Until recently, the park’s efforts focused on the grove itself. Dickman uses the analogy of a doughnut: “At the center of it is the Mariposa Grove, where we have got great fire history. But we haven’t done anything outside the grove.” In the past few years, Yosemite has begun fuel management along the roads connecting to the grove, manually removing about 9,000 tons of material. “Even though we think the grove is pretty well protected, we don’t want [a wildfire] to slam into it,” Dickman explained.

Because the Washburn fire started nearby, it didn’t have space to gather the ferocious momentum seen in some of California’s other recent fires before reaching the grove, according to Dickman. Luckily, when it did reach the grove, the fire hit the area of the most recent prescribed burn “and skirted around it,” before hitting a second former prescribed burn area, he explained. Firefighters were able to stand with “one foot” in these previously cleared areas and “steer the fire around the grove.” They were also able to “safely engage with the fire” from nearby Wawona Road, one of the park’s main thoroughfares, thanks in part to the fuel-reduction work done there.

The same principles used to protect the trees—controlled burns, manual clearing of fuel sources—are used to protect much less famous properties, particularly those communities that brush up against the wilderness. In 2021, California Governor Gavin Newsom signed a bill limiting liability for controlled burns in order to promote the practice, which Indigenous communities had long used—until settlers prevented them from doing so. (One prescribed burn in New Mexico did escape containment in May, though an official said that 99 percent go as planned.)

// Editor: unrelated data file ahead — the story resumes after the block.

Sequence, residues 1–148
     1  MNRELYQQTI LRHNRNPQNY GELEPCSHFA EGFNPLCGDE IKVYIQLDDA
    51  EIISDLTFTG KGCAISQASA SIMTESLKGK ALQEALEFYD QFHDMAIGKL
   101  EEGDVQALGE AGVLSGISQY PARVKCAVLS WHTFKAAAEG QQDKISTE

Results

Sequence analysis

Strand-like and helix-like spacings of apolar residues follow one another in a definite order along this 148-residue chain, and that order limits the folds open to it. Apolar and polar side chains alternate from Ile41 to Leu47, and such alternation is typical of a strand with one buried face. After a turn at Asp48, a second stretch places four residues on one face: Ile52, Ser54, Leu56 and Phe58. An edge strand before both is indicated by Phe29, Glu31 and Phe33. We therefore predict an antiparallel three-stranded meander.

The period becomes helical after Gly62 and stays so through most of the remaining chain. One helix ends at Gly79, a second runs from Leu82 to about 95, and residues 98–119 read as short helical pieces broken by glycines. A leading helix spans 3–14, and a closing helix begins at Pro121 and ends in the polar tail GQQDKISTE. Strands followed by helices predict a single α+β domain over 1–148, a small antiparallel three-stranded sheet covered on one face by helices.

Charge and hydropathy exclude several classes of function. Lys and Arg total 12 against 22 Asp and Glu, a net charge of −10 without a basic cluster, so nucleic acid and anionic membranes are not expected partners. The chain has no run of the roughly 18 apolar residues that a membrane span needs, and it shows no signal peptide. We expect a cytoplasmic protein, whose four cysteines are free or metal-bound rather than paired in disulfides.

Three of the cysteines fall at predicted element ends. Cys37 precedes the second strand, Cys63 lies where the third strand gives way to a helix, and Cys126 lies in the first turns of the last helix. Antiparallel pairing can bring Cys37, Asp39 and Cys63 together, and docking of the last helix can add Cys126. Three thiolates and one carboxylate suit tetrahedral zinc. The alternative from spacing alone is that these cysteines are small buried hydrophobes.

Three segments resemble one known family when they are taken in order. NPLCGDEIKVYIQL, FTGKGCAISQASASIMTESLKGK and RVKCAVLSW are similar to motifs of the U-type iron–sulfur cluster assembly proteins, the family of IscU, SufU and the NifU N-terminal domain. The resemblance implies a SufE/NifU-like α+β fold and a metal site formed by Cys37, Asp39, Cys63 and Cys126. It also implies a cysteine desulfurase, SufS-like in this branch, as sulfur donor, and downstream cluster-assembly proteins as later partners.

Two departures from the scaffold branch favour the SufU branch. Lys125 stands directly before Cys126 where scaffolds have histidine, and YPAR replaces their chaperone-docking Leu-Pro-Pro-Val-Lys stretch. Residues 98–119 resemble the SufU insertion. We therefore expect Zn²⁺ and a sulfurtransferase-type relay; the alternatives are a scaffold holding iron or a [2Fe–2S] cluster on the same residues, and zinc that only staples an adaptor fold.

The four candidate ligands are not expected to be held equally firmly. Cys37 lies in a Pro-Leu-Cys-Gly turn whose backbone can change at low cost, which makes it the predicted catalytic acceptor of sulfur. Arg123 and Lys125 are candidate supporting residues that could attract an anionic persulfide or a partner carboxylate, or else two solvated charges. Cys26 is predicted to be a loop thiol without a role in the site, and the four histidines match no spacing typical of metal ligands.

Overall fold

Californians living in high-risk fire zones are already required to consider fuel management within 100 feet of their home as part of defensible-space laws. That means clearing fallen leaves and branches and pinecones and other potential fuel, as well as spacing plants and trees far enough apart to protect them all from going up in flames. New regulations for Zone 0, which circles the first five feet of one’s home, are expected by January 1, 2023. (The California Department of Forestry and Fire Protection website notes that research has shown Zone 0 to be the most important of all the zones.)

Dickman told me he thinks about sequoia protection the same way. “If you create defensible space in and around giant sequoias, they’re going to fare so much better against fire,” Dickman told me. He said that, as we spoke, people were continuing to remove fuel from the grove—clearing the base of the sequoias and cutting down any snagged smaller trees, should the fire unexpectedly swing back.

With the planet’s temperatures continuing to warm, our parks, for all their emotional significance, will reflect the dangers that so much of the country faces. Yosemite isn’t the first park to experience climate-related weather woes this summer. In mid-June, once-in-a-lifetime flooding forced Yellowstone National Park to evacuate more than 10,000 tourists and shut down entirely.

Risk will also grow outside the parks, and we’ll have to put more effort into planning for disasters of a new scale. Living in a time of climate change will require understanding how to manage the fires we will have in order to protect what is protectable—and not everything will be.